Paul Kagame, Rwanda’s president, has approved the early release of more than 2,000 prisoners, including a leading opposition figure who was jailed in 2012 for conspiring to undermine the government.
The administration gave no further explanation for its decision to release Victoire Ingabire Umuhoza, whose detention had garnered international attention. Gospel singer Kizito Mihigo, jailed for 10 years in 2015 after making a song that criticised the government, was also freed.
In a short statement on Friday the ministry of justice said the government had approved the early release of 2,140 eligible convicts. “Among them are Mr Kizito Mihigo and Ms Victoire Ingabire Umuhoza, the remainder of whose sentences were commuted by Presidential prerogative following their most recent applications for clemency in June this year,” it said.
The release may give opposition members and regime critics some hope that Mr Kagame could be ready to ease his tight grip on Rwandan politics, but some obervers remain sceptical.
Mr Kagame has been praised for transforming the central African nation from a failed state haunted by the memory of a brutal genocide into a thriving economy, but he has done so at the expense of political competition. Several critics who have gone into exile have died in mysterious circumstances and dozens of opposition figures have been imprisoned.
In power since 2000, Mr Kagame changed the constitution in 2015 by referendum to allow him to remain president until 2034. He won re-election last year with 99 per cent of the vote and has allowed his ruling Rwandan Patriotic Front to dominate much of the economy.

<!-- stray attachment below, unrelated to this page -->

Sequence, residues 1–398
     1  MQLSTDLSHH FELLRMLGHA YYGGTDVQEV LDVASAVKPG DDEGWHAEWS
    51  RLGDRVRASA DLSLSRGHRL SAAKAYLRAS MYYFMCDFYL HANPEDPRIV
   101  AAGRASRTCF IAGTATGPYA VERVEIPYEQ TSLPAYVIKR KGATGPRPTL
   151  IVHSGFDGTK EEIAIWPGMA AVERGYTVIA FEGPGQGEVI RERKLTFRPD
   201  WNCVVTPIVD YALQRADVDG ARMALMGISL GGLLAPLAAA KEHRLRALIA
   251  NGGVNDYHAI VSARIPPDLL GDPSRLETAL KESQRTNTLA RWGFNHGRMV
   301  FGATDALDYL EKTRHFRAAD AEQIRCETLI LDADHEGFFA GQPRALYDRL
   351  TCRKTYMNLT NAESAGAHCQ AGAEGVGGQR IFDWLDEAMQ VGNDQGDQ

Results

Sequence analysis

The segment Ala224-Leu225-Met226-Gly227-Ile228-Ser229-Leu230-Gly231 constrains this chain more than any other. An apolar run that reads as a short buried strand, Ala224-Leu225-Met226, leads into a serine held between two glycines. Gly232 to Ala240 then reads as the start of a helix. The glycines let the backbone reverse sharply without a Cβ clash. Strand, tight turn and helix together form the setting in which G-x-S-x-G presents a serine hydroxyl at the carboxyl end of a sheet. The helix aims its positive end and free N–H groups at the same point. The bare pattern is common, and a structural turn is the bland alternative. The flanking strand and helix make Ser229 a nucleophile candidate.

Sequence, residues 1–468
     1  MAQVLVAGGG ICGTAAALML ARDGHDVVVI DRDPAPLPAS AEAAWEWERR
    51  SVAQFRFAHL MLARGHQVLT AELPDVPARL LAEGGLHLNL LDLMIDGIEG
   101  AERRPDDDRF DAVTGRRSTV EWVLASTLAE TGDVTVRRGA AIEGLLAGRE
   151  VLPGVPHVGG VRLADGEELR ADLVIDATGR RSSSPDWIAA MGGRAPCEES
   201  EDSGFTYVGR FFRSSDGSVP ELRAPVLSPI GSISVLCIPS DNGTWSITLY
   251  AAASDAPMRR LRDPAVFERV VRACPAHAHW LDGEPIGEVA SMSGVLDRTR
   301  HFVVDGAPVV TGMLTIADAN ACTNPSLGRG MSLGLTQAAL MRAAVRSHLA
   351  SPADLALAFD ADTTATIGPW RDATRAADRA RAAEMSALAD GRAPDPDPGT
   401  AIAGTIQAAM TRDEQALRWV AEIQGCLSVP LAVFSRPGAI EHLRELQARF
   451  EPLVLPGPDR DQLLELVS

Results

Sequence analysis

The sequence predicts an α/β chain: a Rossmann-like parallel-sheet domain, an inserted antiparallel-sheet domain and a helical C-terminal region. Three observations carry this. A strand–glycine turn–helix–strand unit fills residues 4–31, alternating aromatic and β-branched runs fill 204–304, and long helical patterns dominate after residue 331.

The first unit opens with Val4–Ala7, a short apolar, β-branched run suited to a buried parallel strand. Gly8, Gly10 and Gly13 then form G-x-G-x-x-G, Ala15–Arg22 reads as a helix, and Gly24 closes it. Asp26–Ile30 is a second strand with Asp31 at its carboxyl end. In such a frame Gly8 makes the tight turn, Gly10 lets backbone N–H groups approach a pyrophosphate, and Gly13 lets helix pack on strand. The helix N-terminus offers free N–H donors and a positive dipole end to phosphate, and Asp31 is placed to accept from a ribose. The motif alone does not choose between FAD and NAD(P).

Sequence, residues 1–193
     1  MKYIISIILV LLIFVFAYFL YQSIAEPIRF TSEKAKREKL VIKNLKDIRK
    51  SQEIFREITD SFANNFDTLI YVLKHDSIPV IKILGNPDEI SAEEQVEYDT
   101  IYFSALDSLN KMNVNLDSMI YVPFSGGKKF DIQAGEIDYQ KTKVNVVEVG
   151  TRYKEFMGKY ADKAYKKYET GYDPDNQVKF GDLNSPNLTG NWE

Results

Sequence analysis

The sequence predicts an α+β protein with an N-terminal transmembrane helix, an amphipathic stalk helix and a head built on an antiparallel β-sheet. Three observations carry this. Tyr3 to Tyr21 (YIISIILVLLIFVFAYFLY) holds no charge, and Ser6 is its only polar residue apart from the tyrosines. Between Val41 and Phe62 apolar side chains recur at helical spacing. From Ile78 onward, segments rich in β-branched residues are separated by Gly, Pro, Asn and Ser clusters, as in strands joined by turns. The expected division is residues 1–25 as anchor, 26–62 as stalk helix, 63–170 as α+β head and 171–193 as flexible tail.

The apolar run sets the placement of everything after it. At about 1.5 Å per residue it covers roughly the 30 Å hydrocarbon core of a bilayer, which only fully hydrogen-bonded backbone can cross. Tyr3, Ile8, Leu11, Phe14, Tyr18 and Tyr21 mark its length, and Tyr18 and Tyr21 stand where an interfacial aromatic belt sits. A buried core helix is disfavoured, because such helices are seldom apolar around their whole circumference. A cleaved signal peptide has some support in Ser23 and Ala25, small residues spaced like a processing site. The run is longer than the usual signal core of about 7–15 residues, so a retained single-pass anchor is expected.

Ms Ingabire returned from exile in the Netherlands in 2010 to take part in presidential elections but was blocked from competing. Two years later she was charged with inciting the population, forming an army to overthrow the government and downplaying the impact of the genocide — in which some 800,000 ethnic Tutsis and moderate Hutus were killed.
Last year a pan-African court ruled that Ms Ingabire’s rights had been violated during her trial but Rwanda ignored the ruling. The court, based in Tanzania, did not order Ms Ingabire’s release but gave the Rwandan government six months to “rectify the harm done.”
Ms Ingabire, a member of the Hutu ethnic group, smiled as she was released on Saturday in a green jacket and orange dress, the colours of her FDU-Inkingi political party.
“It took me by surprise but I hope this is the start of the opening of the political space in Rwanda”, Ms Ingabire told Radio France International, after she was released. The opposition leader said she had no plans to cease her political activities.
“For me prison was a part of the journey and I will continue my struggle”, she said. Many other opposition figures, including Diane Rwigara, who was taken from her home by police after she tried to run against Mr Kagame in last year’s election, remain in prison.
“It’s significant that [Ingabire’s] been released, in terms of what [she] represents as a very high-profile Hutu woman leader,” said Phil Clark, a central Africa expert at the School of Oriental and African Studies in London. “But I don’t see it as the definite opening up of the political space.”
Nine members of Ms Ingabire’s party remain in prison and the ruling party has a record of holding and then releasing opposition leaders when it seems expedient, Mr Clark said.
“She was arrested at a time that she was seen as a political threat to Kagame’s rule. Now that her party has effectively been neutralised it’s quite convenient for the RPF to release her,” he said.